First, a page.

Tuesday, January 9, 2007
A while back, I posted about a carnival ride called the Sizzler. There have been a few incidents, including one in 2005 in Austin, Texas, where young riders have been thrown from the ride and injured or killed when they have failed to keep themselves in the designated seating position. In addition to being tragic, they're interesting cases in how they raise issues of comparative fault in the context of young riders and their parents, of design obligations as to foreseeable misconduct, and so on.
But, as Kathy Fackler of SaferParks.org points out to me in an e-mail, no court will evaluate those questions, at least as to that rider and that ride.
You see, the ride is over fifteen years old. And part of Texas's 2003 tort reform legislation creates a limitations period [PDF] of fifteen years from the date of sale of the product by the defendant.
Perhaps that's okay in the big picture. But it's worth considering the impact in small pictures too. I think most people looking at the design of the ride and the height restriction issues would concede that there's at least enough evidence of design defect to get to a jury. (The manual describes the ride on the one hand as being appropriate for 11 year olds to ride alone, but then permits people who are 52" or up to ride alone. The average 52" person is significantly younger than 11.)
There's probably also a claim for negligent operation, even with the apparent fact that the operator followed the instructions (mostly). Given the history, one could no doubt argue that the height restrictions in the manual were comparable to the absent radios in TJ Hooper.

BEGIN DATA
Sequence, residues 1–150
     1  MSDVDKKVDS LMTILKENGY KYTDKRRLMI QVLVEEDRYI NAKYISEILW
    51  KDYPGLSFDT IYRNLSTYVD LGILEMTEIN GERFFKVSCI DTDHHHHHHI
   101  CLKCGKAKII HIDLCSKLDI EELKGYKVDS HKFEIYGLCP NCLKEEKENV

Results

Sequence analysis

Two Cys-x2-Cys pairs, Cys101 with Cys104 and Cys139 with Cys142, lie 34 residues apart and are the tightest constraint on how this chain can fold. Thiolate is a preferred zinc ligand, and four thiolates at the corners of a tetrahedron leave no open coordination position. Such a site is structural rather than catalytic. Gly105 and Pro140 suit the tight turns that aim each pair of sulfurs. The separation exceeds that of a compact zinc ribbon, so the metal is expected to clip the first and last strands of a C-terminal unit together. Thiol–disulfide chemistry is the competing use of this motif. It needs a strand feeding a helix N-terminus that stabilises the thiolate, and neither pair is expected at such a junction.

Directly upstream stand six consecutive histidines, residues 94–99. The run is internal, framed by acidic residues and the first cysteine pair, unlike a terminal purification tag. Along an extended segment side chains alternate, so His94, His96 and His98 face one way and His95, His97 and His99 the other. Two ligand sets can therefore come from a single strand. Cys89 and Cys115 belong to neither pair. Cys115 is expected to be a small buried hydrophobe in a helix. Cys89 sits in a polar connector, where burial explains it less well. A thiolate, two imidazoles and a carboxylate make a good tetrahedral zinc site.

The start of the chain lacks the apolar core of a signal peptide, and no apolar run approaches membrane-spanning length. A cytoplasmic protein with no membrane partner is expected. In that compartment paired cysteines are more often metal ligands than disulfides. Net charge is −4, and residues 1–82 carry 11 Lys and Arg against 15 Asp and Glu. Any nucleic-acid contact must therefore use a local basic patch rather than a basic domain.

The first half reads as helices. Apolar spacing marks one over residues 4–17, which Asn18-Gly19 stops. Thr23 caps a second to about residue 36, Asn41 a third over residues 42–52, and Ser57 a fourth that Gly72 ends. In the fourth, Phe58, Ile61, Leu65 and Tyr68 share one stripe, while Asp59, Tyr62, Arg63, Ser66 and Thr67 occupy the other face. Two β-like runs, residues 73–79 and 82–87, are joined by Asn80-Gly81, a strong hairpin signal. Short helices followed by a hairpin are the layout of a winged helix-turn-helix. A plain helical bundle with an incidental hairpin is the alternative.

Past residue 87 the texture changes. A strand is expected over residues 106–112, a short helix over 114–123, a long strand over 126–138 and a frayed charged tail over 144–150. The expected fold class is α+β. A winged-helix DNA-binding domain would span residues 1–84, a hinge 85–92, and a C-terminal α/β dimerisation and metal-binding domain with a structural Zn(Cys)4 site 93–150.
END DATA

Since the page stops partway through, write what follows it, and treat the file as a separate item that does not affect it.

But carnival operators are, as a group, generally very low-assets (many rides are leased or heavily leveraged) and most states' insurance requirements are relatively low (I believe Texas requires $1 million, which isn't pocket change, but still).
And, as I noted, this isn't the first time something like this has happened. It's not an annual occurrence, I don't think, but without mandatory reporting, it's hard to be sure.
So there are dozens or hundreds of Sizzlers in operation (it is, I have read, the most popular carnival ride in existence), with the same restraint system. But due solely to its age, its manufacturer is immune from suit, and the operators will generally be effectively immune from suit. Where's the appropriate deterrence and motivation to (for instance) urge ride owners to update the restraints?
Again, perhaps that's a fine outcome in the end -- there are lots of good reasons to at least consider giving manufacturers some date certain after which no claims will be brought. But if you're looking for a good basis for pushing students to consider the issue more carefully, it might be worth thinking about.